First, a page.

OurWine Club had the opportunity to explore the lesser known Argentinian grapes with this month’s selections. Here we go with a brief description of the red and white wines chosen.
The red this month is a 2010 El Perseguidor, Mendoza Bonarda. The Bonarda grape may be somewhat foreign to us in the United States, however it is actually widely used in the wine world under many different names. Here’s a little history of the grape and why most people have most likely had it without even knowing. While plantings of Bonarda/Douce Noir dwindled in Italy and France, DNA research of grape varieties in other wine growing regions revealed that the grape was more widely planted than originally thought. In 2000 DNA analysis revealed that the Turca grape growing in the region of northeast Italy since at least the early 20th century was actually Bonarda. This came after the discovery that the Charbono wine grape of California, introduced to the Napa Valley as Barbera by Italian immigrants in the early 19th century was also Bonarda/Douce noir/Corbeau. Further research confirmed in 2008 that the Bonarda/Charbono grape, which was the second most widely planted red grape variety in Argentina, after Malbec was in fact the Savoie wine grape Bonarda/Douce Noir.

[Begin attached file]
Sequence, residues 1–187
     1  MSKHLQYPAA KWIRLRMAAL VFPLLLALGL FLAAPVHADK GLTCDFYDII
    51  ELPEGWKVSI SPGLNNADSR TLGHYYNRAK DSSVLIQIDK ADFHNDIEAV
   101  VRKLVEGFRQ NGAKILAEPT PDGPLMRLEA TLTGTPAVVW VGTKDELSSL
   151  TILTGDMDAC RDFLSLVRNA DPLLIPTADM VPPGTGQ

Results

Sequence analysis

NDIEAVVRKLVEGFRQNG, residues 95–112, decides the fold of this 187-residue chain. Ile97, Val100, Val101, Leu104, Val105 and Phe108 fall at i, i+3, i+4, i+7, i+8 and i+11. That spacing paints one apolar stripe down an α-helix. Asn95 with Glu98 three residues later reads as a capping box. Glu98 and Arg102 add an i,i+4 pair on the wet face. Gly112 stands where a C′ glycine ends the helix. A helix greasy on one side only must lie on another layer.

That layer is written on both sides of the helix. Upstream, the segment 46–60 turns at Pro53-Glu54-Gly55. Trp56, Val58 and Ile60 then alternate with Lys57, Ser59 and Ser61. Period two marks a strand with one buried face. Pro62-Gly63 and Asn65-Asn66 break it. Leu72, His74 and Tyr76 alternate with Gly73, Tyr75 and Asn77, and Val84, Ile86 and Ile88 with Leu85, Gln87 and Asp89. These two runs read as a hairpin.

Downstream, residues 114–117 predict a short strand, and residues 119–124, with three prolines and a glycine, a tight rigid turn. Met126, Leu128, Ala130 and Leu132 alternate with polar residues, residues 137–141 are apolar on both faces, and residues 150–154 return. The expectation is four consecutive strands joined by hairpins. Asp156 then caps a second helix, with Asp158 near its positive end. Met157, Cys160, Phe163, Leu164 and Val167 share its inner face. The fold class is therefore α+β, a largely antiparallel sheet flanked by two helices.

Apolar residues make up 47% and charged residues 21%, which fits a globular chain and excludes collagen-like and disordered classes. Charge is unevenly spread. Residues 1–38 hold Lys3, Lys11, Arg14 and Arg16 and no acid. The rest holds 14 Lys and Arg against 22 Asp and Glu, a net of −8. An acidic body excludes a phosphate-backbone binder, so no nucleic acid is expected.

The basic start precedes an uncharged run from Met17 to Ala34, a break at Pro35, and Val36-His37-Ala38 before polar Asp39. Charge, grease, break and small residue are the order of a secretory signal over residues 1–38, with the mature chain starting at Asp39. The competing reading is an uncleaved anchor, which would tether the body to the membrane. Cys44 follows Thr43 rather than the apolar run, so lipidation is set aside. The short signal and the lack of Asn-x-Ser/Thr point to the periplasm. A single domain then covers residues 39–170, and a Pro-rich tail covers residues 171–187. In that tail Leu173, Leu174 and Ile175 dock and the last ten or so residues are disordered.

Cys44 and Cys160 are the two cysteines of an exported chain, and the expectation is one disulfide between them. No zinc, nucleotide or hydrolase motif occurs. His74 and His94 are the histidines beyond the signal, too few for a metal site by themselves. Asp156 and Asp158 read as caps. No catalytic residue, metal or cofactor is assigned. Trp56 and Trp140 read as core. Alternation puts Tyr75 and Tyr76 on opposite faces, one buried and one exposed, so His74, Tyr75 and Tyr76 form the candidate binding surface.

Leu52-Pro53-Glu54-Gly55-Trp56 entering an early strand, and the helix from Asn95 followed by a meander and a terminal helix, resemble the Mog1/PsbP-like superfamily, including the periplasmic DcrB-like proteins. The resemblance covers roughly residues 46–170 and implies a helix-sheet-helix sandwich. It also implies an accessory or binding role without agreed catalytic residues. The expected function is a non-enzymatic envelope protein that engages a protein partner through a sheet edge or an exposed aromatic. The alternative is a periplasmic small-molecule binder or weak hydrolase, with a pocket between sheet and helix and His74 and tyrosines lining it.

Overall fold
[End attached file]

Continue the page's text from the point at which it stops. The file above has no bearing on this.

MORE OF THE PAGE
For our white wine we have a 2015 Salentein Killka Torrontes. While Torrontes is widely produced in Argentina, here in the United States it is overshadowed by the much more well-known Sauvignon Blanc and Pinot Grigio. Salentein’s high elevation vineyards are located between 3,445 and 3,773 feet above sea level. The stony, alluvial soils enjoy excellent drainage. The weather conditions are also ideal, with few extreme variations in temperature. Vines (double -trellis) have adequate exposure to the sunlight, resulting in the perfect ripening of sugars and polyphenol and an efficient drip irrigation produces optimum foliage development. Yields are kept low with canopy management. The color of this wine is pale gold with a bouquet of very delicate aromas of orange peel and jasmine with hints of minerality. The taste has floral notes accented by jasmine, lychee and orange peel. This wine is refreshing and crisp with soft, fragrant tropical fruit undertones. Torrentes offers a nice, lighter alternative to the sometimes overly citrusy Sauvignon Blanc.
Filled Under: Wine / Spirits Posted on: February 4, 2017